|                   |                     |                |
  | Upload Manifest   |                     |                |
  |------------------>|                     |                |
  |                   |                     |                |
  |                   |   Query Manifest    |                |
  |                   |<--------------------|                |
  |                   |                     |                |
  |                   |   Send Manifest     |                |
  |                   |-------------------->|                |
  |                   |                     | Validate       |
  |                   |                     | Manifest       |
  |                   |                     |---------+      |
  |                   |                     |         |      |
  |                   |                     |<--------+      |
  |                   |                     |                |
  |                   |  Request Firmware   |                |
  |                   |<--------------------|                |
  |                   |                     |                |
  |                   | Send Firmware       |                |
  |                   |-------------------->|                |
  |                   |                     | Verify         |
  |                   |                     | Firmware       |
  |                   |                     |--------------- |
  |                   |                     |              | |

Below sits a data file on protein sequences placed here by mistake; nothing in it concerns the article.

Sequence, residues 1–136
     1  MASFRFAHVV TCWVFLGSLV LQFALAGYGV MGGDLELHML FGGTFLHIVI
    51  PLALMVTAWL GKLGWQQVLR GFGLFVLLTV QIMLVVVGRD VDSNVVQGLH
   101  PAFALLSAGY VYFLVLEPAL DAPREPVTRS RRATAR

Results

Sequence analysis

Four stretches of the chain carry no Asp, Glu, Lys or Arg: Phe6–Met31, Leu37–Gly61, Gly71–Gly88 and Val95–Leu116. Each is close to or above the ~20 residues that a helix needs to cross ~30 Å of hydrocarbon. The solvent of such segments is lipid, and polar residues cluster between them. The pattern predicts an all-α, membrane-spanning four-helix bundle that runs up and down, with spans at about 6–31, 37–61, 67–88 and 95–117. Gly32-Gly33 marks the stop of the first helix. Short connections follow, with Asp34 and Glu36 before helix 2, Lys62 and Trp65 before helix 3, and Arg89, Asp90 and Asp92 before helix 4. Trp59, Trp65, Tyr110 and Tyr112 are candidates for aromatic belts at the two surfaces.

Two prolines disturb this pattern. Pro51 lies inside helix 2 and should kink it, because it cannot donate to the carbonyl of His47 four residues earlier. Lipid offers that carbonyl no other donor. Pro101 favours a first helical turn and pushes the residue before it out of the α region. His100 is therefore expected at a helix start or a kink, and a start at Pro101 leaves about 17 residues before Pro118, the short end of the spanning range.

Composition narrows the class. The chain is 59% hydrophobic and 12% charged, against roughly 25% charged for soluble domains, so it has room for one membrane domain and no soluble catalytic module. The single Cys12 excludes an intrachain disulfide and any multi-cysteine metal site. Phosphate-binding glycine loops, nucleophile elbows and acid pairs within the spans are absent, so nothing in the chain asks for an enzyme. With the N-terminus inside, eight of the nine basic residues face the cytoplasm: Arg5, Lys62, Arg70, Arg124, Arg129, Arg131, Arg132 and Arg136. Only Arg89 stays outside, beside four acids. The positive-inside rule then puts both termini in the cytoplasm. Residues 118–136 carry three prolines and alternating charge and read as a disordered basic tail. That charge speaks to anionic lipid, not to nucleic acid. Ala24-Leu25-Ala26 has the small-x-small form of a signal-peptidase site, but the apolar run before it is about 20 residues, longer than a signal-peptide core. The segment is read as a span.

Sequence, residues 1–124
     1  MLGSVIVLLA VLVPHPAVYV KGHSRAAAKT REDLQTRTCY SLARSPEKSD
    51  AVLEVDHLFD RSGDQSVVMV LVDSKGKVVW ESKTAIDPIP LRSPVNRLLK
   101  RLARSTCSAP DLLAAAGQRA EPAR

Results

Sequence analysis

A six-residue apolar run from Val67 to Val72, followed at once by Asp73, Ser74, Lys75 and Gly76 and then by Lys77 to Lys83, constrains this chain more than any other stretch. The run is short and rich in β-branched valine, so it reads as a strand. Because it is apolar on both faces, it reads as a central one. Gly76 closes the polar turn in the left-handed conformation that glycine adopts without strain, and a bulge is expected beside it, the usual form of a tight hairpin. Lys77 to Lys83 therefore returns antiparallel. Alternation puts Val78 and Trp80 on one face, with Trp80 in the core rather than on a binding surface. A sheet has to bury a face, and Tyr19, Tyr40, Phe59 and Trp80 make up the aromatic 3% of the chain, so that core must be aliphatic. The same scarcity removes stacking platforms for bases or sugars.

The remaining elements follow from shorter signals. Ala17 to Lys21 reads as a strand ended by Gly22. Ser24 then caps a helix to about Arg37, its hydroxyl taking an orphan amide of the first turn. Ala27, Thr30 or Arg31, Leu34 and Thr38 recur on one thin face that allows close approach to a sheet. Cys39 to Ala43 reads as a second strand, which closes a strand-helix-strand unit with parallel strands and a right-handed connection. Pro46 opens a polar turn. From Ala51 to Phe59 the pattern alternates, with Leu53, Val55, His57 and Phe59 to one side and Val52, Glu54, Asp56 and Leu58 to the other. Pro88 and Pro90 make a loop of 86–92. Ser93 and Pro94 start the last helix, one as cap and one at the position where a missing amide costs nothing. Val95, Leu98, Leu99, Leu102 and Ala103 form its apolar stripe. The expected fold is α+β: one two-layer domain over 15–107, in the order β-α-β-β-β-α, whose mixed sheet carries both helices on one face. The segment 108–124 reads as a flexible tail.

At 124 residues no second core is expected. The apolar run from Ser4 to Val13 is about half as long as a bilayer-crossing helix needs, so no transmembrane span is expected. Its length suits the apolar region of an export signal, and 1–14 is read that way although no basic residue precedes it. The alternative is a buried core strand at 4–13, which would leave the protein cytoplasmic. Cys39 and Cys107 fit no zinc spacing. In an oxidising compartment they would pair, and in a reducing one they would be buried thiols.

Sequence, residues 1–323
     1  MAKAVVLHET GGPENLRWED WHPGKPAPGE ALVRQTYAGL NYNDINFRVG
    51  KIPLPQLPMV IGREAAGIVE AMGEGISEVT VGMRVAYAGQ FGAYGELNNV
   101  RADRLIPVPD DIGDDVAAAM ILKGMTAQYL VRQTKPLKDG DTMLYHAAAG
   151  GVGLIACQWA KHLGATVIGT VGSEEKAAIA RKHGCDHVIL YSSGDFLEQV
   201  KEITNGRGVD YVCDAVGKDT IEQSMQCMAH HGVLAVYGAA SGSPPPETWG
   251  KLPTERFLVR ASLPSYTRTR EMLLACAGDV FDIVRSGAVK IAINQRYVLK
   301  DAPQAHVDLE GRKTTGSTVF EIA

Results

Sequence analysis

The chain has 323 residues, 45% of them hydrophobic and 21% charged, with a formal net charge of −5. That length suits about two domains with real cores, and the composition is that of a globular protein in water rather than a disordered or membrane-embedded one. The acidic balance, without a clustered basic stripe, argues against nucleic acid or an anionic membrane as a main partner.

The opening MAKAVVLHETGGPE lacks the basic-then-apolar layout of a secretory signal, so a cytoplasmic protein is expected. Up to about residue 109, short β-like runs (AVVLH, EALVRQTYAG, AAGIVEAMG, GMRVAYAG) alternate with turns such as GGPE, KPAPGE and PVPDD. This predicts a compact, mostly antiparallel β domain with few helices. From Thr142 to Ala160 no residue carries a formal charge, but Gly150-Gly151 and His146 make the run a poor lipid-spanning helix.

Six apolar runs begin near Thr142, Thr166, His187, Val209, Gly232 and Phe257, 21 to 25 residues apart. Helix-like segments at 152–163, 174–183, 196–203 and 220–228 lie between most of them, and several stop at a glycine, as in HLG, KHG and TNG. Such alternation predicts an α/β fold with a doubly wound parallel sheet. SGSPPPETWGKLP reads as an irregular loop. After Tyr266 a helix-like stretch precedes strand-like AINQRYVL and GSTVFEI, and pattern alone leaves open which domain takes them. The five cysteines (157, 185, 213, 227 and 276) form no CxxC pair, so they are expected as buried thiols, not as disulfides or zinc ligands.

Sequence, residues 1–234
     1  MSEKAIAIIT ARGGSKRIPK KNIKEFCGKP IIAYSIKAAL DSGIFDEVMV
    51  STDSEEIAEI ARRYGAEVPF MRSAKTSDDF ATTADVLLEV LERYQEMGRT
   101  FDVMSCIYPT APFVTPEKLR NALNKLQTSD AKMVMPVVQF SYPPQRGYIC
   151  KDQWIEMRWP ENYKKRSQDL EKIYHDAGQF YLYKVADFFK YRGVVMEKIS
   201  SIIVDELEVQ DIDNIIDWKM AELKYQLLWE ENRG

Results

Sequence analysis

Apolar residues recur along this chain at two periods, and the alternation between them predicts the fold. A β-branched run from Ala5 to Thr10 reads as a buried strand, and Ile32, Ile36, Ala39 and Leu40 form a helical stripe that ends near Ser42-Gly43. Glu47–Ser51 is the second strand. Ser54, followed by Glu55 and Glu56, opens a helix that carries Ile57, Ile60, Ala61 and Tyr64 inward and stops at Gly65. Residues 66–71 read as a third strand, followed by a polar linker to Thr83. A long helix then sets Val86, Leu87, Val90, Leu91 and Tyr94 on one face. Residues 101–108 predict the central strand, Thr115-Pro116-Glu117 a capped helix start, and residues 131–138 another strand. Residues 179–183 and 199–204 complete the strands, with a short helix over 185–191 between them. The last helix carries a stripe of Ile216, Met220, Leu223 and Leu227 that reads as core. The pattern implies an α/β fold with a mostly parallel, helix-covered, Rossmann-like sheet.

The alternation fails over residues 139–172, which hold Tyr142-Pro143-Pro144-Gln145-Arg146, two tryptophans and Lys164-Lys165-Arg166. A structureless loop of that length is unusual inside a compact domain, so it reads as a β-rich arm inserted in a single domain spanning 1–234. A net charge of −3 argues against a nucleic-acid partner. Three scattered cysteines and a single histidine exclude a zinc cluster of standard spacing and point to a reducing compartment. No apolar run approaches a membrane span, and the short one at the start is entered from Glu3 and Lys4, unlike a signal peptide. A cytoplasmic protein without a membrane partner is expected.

|                   |                     |<-------------- |
  |                   |                     |                |
  |                   |                     | Store          |
  |                   |                     | Firmware       |
  |                   |                     |--------------  |
  |                   |                     |             |  |
  |                   |                     |<-------------  |
  |                   |                     |                |
  |                   |                     |                |
  |                   |                     | Reboot         |
  |                   |                     |--------------->|
  |                   |                     |                |
  |                   |                     | Verify         |
  |                   |                     | Firmware       |
  |                   |                     | ---------------|
  |                   |                     | |              |
  |                   |                     | -------------->|
  |                   |                     |                |
  |                   |                     | Activate new   |
  |                   |                     | Firmware       |
  |                   |                     | ---------------|
  |                   |                     | |              |
  |                   |                     | -------------->|
  |                   |                     |                |
  |                   |                     | Boot new       |
  |                   |                     | Firmware       |
  |                   |                     | ---------------|
  |                   |                     | |              |